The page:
Tiny ring laser accurately detects and counts nanoparticles

Counting Nanoparticles with Lasers J. ZHU, L. HE, S. K. OZDEMIR, AND L. YANG/WUSTL Researchers at Washington University in St. Louis have turned an acoustic phenomenon familiar to those who have visited the Statuary Hall in the U.S. Capitol Building or St. Paul's Cathedral in London into a high-resolution nanoparticle detector. Using a ring-shaped micro-laser, the sensor can detect and count individual viruses or synthetic and biological nanoparticles with single particle resolution. The sensor is what's known as a "whispering gallery resonator" and relies on the same principles as those acoustic spaces (like the aforementioned Capitol and cathedral galleries) where whispers on one side of the room can be heard directly on the other side thanks to the unique properties of the shape of the space. But unlike the acoustic spaces (which are usually in round, domed spaces) that have audible sweet spots, the new sensor has optical sweet spots. There's a lot of optical science that goes into this, and we're not goin

"The light used for sensing is generated inside the resonator itself, and so it is purer than the light in the passive sensor," says Yang "When the light is not that pure, you might not be able to see small frequency changes.
"Now you just need a light source to excite the optical medium," says Yang, "and you can use a cheap laser diode for that instead of an expensive tunable laser.
"When the line broadening is comparable to the change in splitting, then you're done," says Yang. "However, the whole resonator is fabricated on the chip, so you could just move on to the next resonator if necessary."
"By controlling the overlap of the pump light with the gain medium, you can excite more than one laser line," says Sahin Kaya Ozdemir, PhD, a research associate and co-author.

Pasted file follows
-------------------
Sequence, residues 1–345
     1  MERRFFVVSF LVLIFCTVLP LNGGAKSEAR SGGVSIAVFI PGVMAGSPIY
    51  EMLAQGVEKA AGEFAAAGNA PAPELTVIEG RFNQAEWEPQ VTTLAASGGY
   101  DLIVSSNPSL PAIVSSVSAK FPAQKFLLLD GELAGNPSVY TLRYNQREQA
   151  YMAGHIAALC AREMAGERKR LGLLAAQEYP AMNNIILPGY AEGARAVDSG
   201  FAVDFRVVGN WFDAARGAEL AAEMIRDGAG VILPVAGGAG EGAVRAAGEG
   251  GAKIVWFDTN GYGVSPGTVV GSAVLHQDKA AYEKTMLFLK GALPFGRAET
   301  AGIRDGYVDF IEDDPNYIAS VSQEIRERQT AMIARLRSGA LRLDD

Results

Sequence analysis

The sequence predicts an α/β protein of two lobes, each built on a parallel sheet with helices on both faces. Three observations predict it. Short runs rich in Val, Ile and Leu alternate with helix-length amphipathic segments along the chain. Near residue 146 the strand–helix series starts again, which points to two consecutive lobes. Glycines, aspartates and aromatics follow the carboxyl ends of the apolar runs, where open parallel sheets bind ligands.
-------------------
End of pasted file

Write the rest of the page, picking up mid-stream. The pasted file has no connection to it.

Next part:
Tiny ring laser accurately detects and counts nanoparticles

(PhysOrg.com) -- A microlaser no bigger than a pinprick can accurately detect and count individual viruses, the particles that jumpstart cloud formation or those that contaminate the air we ...

Tue 28 Jun 11 from Phys.org

Tiny ring laser accurately detects and counts nanoparticles, Tue 28 Jun 11 from Labspaces.net

Tiny ring laser accurately detects and counts nanoparticles, Tue 28 Jun 11 from R&D Mag

Tiny ring laser accurately detects and counts nanoparticles, Tue 28 Jun 11 from Eurekalert

Ring of Laser Light Can Count Individual Viruses and Nanoparticles

Counting Nanoparticles with Lasers J. ZHU, L. HE, S. K. OZDEMIR, AND L. YANG/WUSTL Researchers at Washington University in St. Louis have turned an acoustic phenomenon familiar to those who ...

Wed 29 Jun 11 from Popular Science

Tiny Ring Laser Detects and Counts Nanoparticles

A microlaser can accurately detect and count individual viruses and other tiny particles.

Wed 29 Jun 11 from U.S. News

Tiny Ring Laser Accurately Detects, Counts Nanoparticles

A microlaser no bigger than a pinprick can accurately detect and count individual viruses, the particles that jumpstart cloud formation or those that contaminate the air we breathe.By Diana ...

Wed 29 Jun 11 from RedOrbit

Scientists Develop Microlasers to Count Nano-Scale Synthetic or Biological Particles

By Cameron Chai A microlaser in the size of a pinprick has been developed that can identify and count individual viruses accurately. It can also be used to count the nanoparticles that initiate ...

Wed 29 Jun 11 from AZoNano

  • Pages: 1

Total number of sources: 8

Bookmark

Bookmark and Share